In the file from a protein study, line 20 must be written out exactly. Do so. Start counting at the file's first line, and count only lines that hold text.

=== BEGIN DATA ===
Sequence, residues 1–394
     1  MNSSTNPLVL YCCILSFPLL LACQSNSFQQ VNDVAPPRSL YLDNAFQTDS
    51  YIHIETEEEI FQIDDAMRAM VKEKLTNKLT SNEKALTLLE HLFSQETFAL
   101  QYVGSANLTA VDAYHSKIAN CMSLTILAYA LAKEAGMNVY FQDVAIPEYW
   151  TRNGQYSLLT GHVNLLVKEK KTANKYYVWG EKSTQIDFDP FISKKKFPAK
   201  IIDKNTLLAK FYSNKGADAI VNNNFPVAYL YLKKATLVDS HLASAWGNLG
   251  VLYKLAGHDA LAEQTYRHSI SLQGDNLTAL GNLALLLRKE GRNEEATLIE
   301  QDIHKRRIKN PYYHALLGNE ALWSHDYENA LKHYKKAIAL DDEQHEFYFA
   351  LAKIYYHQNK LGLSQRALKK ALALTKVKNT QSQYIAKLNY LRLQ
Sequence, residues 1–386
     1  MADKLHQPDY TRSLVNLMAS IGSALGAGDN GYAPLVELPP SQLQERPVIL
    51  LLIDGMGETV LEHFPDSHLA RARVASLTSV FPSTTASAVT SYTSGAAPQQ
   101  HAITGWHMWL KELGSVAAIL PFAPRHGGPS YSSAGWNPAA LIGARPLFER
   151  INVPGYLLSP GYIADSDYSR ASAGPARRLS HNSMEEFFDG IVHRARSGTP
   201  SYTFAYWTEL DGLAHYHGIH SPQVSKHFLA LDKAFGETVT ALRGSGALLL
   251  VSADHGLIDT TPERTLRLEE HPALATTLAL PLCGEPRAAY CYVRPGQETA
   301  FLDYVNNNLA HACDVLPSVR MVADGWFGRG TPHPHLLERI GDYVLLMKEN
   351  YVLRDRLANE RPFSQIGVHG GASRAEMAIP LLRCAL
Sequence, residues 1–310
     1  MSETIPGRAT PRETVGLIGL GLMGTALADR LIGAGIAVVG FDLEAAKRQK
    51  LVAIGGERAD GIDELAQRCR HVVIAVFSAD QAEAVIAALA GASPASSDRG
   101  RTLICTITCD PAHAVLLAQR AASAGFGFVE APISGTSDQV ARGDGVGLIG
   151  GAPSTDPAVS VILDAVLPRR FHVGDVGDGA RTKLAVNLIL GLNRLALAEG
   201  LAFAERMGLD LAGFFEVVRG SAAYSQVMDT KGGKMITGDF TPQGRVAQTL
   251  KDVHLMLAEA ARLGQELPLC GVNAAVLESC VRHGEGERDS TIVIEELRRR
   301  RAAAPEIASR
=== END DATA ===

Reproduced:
     1  MSETIPGRAT PRETVGLIGL GLMGTALADR LIGAGIAVVG FDLEAAKRQK